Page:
I ordered a front brakes seal kit, pulled the front calipers off, and blew out the pistons to take a closer look.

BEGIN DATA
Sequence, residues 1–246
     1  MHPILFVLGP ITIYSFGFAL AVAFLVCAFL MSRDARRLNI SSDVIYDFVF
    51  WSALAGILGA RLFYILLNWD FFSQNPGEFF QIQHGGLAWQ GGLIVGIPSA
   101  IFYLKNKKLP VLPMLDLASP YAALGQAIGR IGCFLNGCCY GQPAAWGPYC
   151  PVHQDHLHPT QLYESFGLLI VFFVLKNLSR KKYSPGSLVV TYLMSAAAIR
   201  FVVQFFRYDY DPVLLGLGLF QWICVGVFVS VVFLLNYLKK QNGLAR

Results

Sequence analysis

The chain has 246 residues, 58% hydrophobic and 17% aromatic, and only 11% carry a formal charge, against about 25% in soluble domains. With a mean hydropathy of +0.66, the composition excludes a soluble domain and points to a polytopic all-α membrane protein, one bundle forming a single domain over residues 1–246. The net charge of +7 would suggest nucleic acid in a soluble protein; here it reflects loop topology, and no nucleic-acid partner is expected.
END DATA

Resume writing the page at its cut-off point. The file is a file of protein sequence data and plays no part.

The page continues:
The original pistons were chromed steel, but upgraded replacements were made from stainless steel. Luckily, these pistons were the stainless replacements, so I simply had to polish them up and they would be good to go. They siezed because of the small ridge of rust that formed on the cast iron caliper body and the piston past the seal behind the dust boot. (You can see the rust ring that stained the stainless steel piston before I cleaned it up with some fine sand paper.) I think disuse, and damp storage formed this ridge, and built up enough to jam the pistons so they wouldn’t retract. I put a new seal kit on the front calipers, and disassembled the rear calipers to clean up the rust ridge that was forming and about the seize the rears as well!